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Teaching grant targets inclusion

Mon Mar 1, 2021 at 11:32 AM

Felicitia Arzu Carmichael, assistant professor in writing and rhetoric, has always been interested in how a student’s “place” impacts their ability to learn, engage with material and connect with their peers. Thanks to a Center for Excellence in Teaching and Learning grant, she was able to explore the concept with one of her classes two years ago. The exploration she did has changed the way she teaches. Now, CETL is taking applications for the 2021 Inclusive Practices Teaching Grant until March 8, 2021 for other faculty members who have an idea that would lead to development, implementation and evaluation of evidence-based teaching practices that would improve teaching and learning with a focus on inclusive practices. 

“I’ve been really interested in the concept of place for many reasons. I did my dissertation on online pedagogy. When I was a graduate student, teaching online classes, I had a lot of experience where I would learn from my students. Some of them were taking classes with their phones. Some of them were taking classes in the library. Some of them were at their homes. I remember one day, I had a conference where my student was conferencing with me from her car,” said Carmichael. 

Carmichael said she had learned that place made a difference in the way her students learned, and it was up to her to make sure they could learn the best they could from whatever place they had available.

“You’ll often hear people say, ‘well, if you’re an online class, there’s no class. There’s no place. I’m just submitting assignments through Moodle,’” said Carmichael. “One of the strengths of the face-to-face classroom is that we are located in a place.” 

She said being together in one place allows students to be put in groups, see each other’s expressions, among many other things. 

“It’s not lost when we’re online, it just shows up in a different way. I think when we teach online, we assume that those things don’t exist,” said Carmichael. “The students had places that they occupied, whether it was in their car, in the library, at home or in another classroom--their material location had some effect on the work that they were doing in my class, and I didn’t want to ignore that.”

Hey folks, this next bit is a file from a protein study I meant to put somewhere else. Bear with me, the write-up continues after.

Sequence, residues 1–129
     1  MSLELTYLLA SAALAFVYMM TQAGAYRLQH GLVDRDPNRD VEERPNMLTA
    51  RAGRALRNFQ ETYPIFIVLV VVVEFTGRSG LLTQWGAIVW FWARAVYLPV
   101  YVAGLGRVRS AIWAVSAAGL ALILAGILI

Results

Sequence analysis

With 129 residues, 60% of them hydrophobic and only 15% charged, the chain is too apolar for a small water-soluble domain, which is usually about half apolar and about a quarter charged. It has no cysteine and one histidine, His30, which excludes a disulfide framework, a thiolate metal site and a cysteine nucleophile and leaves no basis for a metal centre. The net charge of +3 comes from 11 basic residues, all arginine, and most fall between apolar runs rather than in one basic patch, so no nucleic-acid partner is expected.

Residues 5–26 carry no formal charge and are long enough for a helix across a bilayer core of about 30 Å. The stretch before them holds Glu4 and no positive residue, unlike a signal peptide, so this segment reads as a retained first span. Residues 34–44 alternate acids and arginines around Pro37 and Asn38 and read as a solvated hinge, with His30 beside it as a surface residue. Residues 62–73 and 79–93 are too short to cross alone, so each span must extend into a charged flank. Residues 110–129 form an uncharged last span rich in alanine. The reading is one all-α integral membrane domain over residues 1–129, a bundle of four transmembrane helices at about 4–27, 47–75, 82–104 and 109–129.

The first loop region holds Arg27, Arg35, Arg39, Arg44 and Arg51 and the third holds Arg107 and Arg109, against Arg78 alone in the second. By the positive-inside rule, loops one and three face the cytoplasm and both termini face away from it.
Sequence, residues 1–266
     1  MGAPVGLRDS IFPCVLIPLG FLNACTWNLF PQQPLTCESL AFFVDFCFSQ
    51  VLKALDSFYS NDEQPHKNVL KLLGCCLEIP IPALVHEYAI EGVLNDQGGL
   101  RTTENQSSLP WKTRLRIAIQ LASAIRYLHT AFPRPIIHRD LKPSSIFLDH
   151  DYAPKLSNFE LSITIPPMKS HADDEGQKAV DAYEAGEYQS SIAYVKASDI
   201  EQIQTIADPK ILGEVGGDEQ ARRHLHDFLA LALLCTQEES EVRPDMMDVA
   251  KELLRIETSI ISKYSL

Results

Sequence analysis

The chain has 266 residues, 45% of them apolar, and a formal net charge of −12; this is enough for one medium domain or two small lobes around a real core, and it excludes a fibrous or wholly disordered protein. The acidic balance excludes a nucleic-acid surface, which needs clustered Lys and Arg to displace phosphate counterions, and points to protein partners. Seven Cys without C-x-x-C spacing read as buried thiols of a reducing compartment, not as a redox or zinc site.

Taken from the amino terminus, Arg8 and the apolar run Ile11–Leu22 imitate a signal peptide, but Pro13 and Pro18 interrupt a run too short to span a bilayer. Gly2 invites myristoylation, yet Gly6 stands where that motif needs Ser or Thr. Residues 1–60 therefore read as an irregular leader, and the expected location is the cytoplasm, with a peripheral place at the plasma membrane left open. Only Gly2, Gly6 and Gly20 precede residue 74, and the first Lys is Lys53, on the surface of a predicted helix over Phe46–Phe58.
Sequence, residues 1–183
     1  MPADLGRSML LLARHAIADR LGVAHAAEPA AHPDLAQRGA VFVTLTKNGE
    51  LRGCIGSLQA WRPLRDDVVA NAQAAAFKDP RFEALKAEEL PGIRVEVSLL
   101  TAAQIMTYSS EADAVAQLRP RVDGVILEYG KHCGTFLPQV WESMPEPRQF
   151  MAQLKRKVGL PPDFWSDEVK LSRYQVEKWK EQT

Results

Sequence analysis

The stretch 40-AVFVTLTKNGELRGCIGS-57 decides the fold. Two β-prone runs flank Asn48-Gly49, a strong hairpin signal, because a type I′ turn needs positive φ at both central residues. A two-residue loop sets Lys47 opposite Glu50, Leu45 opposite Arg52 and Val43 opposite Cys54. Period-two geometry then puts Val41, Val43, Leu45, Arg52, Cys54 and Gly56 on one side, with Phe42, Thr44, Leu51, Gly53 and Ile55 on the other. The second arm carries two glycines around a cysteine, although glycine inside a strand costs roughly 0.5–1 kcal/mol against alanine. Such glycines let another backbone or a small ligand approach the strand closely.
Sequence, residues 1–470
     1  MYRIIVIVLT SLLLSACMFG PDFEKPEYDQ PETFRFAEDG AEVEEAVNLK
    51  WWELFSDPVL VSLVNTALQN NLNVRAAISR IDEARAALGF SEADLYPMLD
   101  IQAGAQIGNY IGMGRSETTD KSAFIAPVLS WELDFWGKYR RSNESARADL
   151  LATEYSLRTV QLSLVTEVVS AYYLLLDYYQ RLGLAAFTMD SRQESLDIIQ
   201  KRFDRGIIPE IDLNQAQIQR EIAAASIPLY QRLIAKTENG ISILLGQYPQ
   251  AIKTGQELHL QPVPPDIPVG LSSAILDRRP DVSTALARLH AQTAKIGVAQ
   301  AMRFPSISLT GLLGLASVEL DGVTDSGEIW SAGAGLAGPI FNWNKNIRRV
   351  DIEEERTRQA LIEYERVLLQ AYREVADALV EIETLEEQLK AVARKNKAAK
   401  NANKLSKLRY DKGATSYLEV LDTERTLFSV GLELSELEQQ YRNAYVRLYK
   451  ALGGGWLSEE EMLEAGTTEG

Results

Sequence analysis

Setting up her research

Two years ago, Carmichael applied for the grant to set up her fall class in a different format to see how students responded. While the class, like most of the writing classes, was scheduled to meet Monday, Wednesday and Friday, with Friday being an online class. Carmichael changed it to a hybrid model. 

“For this grant, I increased the amount of time that students would spend online. ,” Carmichael said.  For the first three weeks she met with the students Monday, Wednesday and Friday, because as most were first year students and new to Oakland University, she wanted time to orient them to herself and how the class was designed. “I wanted to get their input as well. We spent the first three weeks of the course writing, studying writing, but we also were really talking about the structure of the class so they knew what to expect.” 

After the first few weeks, Carmichael changed the class structure. While students were still required to attend in-person on Monday, they had a choice of whether to learn online or in person. 

“On Wednesdays, I was physically in that classroom for students who wanted face-to-face, but on Wednesdays, they had the option to have class online,” said Carmichael. “The assignments that my students were working on, they could work on in that class with me, or they could work on it online, in some other location, but they were all doing the same work.”